LinkedIn Endorsements and Anglo-Saxon Compurgators

Confessions of a history buff…

The usual complaints I hear about LinkedIn endorsements are that people endorse you for things they haven’t observed themselves, or they endorse you for skills suggested by LinkedIn, when you’ve made no claim to those skills.

For my part, I’m grateful for the endorsements on my LinkedIn profile.

The endorsements feature reminds me of the Anglo-Saxon idea of compurgators. Certain civil and criminal matters were resolved by setting the number of “compurgators” you’d need to produce. These were people who’d vouch for your side of the story. They might just vouch for whether they believed you, even if they didn’t witness the events in question. If you could line up enough people to stand by your side, your story became more persuasive. If you couldn’t get enough people to step forward on your behalf, suspicions were aroused about your honesty and innocence.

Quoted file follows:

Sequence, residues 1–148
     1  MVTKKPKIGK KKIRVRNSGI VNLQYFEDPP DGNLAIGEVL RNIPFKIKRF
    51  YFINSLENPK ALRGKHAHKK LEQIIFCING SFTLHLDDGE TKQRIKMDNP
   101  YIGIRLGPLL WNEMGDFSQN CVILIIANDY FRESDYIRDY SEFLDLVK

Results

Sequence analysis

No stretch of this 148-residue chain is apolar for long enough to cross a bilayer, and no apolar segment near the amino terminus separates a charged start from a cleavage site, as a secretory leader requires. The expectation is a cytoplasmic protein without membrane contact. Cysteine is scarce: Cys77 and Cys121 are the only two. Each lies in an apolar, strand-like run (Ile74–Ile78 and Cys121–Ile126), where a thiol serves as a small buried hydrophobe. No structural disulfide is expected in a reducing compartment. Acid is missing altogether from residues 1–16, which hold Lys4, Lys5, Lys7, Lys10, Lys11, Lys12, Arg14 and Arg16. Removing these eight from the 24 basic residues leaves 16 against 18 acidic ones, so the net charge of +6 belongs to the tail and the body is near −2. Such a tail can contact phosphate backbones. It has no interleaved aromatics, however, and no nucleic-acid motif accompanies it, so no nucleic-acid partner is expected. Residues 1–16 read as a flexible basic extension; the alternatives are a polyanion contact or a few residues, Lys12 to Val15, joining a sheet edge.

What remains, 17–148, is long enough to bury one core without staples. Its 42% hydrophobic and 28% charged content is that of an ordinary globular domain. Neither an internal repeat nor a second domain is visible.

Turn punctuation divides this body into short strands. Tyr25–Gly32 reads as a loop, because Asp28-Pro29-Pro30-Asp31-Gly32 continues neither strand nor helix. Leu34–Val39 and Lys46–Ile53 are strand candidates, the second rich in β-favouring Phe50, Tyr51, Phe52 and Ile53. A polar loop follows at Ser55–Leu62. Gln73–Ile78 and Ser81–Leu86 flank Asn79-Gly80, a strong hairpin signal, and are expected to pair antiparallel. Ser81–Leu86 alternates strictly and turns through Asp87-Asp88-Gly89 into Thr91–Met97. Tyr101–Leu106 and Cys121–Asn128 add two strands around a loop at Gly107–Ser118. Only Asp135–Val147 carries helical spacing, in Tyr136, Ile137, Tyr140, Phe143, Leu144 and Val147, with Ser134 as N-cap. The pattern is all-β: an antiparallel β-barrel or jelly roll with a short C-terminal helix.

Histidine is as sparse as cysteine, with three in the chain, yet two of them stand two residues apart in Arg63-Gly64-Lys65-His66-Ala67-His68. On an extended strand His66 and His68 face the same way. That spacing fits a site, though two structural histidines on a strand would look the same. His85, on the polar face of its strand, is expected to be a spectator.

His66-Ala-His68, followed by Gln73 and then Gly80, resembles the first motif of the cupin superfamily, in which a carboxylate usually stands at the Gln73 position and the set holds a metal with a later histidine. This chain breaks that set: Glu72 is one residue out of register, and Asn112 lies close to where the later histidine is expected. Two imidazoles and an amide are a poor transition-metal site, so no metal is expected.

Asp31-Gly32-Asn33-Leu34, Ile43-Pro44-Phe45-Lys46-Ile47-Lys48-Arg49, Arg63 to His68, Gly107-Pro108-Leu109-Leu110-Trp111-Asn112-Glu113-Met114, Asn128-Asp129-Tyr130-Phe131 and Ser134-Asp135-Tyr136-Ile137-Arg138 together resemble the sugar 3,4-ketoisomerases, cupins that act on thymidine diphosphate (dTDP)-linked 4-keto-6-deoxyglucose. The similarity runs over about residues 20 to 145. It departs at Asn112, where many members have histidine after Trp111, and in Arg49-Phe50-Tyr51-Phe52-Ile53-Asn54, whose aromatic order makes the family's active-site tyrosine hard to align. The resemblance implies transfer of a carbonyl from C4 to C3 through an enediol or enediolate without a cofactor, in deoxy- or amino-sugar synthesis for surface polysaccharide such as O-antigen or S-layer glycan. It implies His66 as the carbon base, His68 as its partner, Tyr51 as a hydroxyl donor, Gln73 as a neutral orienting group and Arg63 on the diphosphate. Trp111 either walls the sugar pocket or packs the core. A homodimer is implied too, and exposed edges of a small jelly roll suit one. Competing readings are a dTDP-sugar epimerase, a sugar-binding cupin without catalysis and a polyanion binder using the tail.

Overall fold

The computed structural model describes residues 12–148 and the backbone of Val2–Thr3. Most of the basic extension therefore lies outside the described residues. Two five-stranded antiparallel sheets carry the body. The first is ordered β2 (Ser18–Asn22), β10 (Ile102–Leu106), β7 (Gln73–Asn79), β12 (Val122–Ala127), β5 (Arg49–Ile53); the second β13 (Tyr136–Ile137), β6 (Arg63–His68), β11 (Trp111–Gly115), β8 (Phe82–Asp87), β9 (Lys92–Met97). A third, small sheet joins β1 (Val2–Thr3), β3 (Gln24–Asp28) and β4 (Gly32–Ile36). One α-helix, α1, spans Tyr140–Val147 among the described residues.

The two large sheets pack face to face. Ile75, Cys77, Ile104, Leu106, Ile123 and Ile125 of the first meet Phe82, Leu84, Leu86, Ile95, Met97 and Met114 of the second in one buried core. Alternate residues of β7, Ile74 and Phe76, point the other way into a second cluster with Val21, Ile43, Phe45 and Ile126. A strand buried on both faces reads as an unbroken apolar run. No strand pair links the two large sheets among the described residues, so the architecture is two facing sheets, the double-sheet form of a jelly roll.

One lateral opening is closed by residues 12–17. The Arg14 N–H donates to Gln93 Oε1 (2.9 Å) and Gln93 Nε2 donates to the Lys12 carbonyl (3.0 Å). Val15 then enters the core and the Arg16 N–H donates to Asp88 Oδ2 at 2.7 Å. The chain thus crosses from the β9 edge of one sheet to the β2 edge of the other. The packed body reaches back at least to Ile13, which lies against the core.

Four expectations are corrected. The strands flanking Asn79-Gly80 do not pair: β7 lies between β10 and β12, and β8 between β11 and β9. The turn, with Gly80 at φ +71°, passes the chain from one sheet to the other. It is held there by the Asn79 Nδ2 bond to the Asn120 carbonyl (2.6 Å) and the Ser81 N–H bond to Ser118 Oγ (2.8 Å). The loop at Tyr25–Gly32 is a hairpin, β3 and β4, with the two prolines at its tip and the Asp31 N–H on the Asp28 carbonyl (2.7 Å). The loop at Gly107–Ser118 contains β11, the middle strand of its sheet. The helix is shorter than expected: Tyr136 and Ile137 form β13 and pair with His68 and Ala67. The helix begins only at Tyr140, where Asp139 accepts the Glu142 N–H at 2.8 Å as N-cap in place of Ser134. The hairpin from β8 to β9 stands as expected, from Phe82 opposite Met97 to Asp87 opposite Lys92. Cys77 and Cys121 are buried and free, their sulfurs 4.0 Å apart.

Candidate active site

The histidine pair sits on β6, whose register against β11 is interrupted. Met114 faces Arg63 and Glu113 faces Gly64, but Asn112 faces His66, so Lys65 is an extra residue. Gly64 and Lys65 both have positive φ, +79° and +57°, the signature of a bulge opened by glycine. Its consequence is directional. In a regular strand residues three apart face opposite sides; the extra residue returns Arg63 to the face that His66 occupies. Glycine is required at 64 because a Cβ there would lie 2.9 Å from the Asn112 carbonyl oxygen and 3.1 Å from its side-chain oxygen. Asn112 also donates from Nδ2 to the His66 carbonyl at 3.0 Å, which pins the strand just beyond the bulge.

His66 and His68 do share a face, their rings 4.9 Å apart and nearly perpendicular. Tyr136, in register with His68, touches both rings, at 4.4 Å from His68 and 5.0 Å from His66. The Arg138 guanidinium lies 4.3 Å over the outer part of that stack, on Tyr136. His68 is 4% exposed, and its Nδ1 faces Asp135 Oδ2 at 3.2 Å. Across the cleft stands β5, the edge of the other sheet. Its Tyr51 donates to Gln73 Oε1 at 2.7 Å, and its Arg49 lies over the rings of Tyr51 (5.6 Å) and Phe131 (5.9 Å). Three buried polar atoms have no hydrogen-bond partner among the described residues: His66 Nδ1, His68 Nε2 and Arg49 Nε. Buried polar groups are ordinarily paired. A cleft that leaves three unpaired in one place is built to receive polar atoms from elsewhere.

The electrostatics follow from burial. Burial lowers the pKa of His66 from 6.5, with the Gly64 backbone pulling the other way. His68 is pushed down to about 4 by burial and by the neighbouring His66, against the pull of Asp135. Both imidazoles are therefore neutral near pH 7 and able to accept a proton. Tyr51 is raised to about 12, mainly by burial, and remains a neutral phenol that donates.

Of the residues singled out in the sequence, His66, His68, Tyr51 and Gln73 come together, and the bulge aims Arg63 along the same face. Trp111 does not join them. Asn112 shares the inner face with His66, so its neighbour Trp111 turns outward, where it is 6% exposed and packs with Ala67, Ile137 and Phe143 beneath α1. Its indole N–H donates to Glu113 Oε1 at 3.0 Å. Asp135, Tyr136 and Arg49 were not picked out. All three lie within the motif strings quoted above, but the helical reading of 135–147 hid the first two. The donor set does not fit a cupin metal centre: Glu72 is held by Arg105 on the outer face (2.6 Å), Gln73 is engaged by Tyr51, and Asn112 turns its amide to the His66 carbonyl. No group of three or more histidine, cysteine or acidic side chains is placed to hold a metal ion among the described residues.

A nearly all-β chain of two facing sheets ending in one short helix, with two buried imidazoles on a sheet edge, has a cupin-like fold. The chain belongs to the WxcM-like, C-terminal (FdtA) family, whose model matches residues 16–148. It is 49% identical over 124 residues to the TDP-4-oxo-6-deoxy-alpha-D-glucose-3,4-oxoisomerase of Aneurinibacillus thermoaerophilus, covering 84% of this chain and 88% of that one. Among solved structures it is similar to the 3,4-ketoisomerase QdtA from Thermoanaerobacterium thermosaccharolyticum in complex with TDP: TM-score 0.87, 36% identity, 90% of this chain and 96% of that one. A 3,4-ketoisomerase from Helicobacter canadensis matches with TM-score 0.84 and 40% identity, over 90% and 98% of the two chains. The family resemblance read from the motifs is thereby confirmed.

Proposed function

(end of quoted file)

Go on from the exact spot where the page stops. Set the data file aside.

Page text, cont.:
Was the compurgation system open to abuse? Certainly. A guilty person who was popular or persuasive might still fetch enough compurgators. An innocent but unpopular person might have trouble finding anyone to help out. Yup, it was imperfect (unlike our modern justice system, which is 100% perfect, right?). But all in all, the compurgation system was a crowdsourced system of justice, in which you achieved validity by getting the crowd’s support.

And that’s pretty much what the LinkedIn endorsements are. Maybe your contacts are vouching for your skills, or maybe they’re vouching for you. People speaking up for each other and trying to help each other are good things, despite an imperfect system.

But now I’ve gone and revealed myself as someone who reads history for fun.

Jim

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